About Us

Owl ReleaseLiving Sky Wildlife Rehabilitation was created to formalize the work that Jan Shadick had been doing for several years. She took in 20 animals in 2005. This has grown consistently every year to a total of 484 animals in 2014 in demand; with 1290 injured and orphaned animals arriving in 2019.

Costs continue to grow each year as we receive more and more animals in need….Thank goodness we moved to a separate facility in 2016 when we took in over 650 animals.

Since the move, our services have been in demand, with 950 injured and orphaned animals arriving in 2017 and over 1160 in 2018. Our budget has grown to over $100,000, with less than $2000 of that going towards Administrative costs.

We continue to operate primarily with volunteers, except in the summer when we hire summer students, using government grants and donations to fund their salaries during the busiest season.

We need your help to continue to provide the level of care and attention that these animals require to grow and thrive upon their release back to their natural habitat. Please consider a donation today.

Charitable Number: 83224 5468 RR0001
Receipts provided for donations over $10.

Our Mission

"To provide a safe place for injured and orphaned wild animals to grow and mend until they can return to their natural habitat while encouraging public tolerance and understanding of wildlife.”

We are a non-profit, registered charity, based in Saskatoon, SK.

Our Philosophy

Our Philosophy is essentially “if you care enough to rescue and bring in the animal, we will put in the time and energy to rehabilitate it.”  Therefore we accept all wild animals brought to us, regardless of age, species, color, attitude, origin, injury, or need.

We provide the full range of treatment services needed to rehabilitate small birds and mammals.  We assist the public with issues relating to wildlife; and promote knowledge and appreciation of wild animals and the habitats they depend on for survival.  Animals outside the scope of LSWR will be accepted, assessed, stabilized and transferred to the appropriate rehabilitation facility.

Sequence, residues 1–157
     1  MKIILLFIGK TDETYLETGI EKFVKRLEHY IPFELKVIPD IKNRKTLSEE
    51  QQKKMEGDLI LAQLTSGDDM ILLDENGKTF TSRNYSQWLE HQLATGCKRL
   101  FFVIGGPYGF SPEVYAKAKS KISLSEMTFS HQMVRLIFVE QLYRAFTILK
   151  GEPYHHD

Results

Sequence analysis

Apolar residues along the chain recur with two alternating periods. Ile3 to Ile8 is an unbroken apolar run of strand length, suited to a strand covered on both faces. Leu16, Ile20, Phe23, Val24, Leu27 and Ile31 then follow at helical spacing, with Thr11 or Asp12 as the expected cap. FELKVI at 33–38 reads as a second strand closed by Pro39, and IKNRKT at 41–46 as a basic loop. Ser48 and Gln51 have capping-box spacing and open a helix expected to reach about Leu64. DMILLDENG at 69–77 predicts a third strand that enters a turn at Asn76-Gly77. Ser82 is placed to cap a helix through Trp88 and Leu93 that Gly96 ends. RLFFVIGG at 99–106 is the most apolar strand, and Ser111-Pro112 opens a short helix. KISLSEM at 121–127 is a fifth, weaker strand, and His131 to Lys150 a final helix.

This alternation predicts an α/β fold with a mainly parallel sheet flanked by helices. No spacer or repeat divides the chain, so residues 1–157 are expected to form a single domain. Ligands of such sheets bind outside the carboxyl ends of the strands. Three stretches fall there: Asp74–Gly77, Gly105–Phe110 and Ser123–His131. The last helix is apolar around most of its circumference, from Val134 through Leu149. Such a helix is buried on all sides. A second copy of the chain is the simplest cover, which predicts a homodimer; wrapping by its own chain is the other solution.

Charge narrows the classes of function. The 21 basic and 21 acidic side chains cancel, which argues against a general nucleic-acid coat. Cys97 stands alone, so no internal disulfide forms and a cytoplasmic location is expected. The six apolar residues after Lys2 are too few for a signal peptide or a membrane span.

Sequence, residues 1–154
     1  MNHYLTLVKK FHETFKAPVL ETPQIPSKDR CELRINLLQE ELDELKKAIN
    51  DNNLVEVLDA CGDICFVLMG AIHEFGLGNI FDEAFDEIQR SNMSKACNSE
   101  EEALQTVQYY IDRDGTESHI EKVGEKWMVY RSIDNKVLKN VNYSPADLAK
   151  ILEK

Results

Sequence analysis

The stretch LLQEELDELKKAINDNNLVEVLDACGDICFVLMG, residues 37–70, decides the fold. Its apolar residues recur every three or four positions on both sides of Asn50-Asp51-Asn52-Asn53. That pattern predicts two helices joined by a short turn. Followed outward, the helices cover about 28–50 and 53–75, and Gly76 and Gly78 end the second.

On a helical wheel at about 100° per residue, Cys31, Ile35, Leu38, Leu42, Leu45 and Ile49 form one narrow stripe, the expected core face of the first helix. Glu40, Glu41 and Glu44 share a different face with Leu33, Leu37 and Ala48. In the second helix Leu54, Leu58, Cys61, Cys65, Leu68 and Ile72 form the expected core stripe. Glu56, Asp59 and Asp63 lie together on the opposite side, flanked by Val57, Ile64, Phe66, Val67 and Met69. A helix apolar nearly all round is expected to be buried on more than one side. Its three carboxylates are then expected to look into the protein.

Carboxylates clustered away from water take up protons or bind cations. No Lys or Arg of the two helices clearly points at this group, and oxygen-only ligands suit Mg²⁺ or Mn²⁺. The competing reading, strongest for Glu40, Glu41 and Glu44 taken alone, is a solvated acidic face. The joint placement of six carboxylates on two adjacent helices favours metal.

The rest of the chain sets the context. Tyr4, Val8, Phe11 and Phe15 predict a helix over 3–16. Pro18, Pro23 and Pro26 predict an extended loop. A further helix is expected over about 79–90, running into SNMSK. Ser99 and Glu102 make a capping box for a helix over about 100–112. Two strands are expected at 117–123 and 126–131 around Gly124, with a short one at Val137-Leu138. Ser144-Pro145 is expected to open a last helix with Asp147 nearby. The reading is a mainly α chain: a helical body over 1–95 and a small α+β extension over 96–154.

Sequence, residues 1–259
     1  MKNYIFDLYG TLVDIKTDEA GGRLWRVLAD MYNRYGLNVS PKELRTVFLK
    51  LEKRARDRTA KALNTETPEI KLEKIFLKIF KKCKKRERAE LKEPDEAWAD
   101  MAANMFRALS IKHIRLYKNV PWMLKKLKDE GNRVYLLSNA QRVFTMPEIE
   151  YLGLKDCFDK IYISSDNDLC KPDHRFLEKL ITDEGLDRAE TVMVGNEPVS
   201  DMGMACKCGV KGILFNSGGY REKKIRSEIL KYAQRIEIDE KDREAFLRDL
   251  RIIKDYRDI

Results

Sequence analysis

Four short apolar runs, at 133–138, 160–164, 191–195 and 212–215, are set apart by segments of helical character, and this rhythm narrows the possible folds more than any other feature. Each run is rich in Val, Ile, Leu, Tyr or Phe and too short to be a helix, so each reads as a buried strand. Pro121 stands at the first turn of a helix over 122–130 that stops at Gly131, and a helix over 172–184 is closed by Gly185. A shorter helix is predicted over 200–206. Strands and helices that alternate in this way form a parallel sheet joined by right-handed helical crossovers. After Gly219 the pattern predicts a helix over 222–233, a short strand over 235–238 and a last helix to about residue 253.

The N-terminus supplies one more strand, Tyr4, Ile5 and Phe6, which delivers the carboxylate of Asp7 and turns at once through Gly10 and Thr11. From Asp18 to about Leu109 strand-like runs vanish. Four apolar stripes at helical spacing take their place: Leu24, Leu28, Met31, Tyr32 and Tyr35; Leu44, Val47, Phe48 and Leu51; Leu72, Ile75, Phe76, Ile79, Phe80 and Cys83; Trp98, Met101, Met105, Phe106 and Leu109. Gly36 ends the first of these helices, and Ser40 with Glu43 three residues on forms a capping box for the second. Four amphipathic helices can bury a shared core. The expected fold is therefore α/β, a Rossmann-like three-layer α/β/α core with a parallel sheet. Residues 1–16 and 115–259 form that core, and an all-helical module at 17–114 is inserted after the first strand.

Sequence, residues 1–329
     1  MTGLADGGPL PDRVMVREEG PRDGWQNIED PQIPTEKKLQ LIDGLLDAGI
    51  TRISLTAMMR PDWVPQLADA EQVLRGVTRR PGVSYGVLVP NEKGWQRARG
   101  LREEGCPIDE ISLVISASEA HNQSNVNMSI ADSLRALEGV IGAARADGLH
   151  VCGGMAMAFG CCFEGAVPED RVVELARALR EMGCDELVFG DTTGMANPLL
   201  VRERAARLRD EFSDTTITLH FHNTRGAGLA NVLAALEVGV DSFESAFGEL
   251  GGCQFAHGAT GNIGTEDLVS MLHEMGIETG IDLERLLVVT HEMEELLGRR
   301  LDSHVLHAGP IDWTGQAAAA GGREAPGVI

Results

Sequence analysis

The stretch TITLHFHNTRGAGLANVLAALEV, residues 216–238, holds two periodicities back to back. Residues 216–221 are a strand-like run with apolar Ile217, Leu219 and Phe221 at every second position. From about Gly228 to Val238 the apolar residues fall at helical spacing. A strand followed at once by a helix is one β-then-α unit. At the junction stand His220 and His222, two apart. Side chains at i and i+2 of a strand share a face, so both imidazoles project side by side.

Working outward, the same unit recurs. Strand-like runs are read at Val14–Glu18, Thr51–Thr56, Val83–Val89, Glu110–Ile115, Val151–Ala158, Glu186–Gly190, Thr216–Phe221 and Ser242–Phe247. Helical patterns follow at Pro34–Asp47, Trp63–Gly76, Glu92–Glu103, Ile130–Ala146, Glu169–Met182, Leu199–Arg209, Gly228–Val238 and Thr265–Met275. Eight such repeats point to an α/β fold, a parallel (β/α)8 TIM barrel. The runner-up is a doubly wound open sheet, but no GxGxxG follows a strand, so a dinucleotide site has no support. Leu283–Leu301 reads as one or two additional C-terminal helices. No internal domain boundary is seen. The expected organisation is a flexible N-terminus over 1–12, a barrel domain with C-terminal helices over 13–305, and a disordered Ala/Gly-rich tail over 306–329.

Animals are fed specially formulated diets to meet their nutritional needs and provided with the necessary medical care to heal their injuries.   All animals are carefully handled to maintain their fear of humans so they can be released back to the wild.

Baby RaccoonA baby raccoon. Mom was shot. Luckily, this little baby was rescued by a concerned neighbor.

Young robins. Parents were killed by a cat.

PorcupineYoung porcupine - caught by a dog. Raised and released back into the wild where he belongs.

Jan Shadick - Executive Director and Wildlife Rehabilitator

I was born in California, then moved to Connecticut following University, and finally came to Canada in 2001, after 14 years in Connecticut.

I discovered Wildlife Rehabilitation in Connecticut and became a licensed wildlife rehabilitator, working with small mammals and small birds.

I hold both a provincial permit and a federal license to rehabilitate wildlife. I have taken several courses from the IWRC; attended conferences; passed the CT state exam; mentored and been mentored on work with specific species.

My learning continues with every new season, and each animal that comes into care.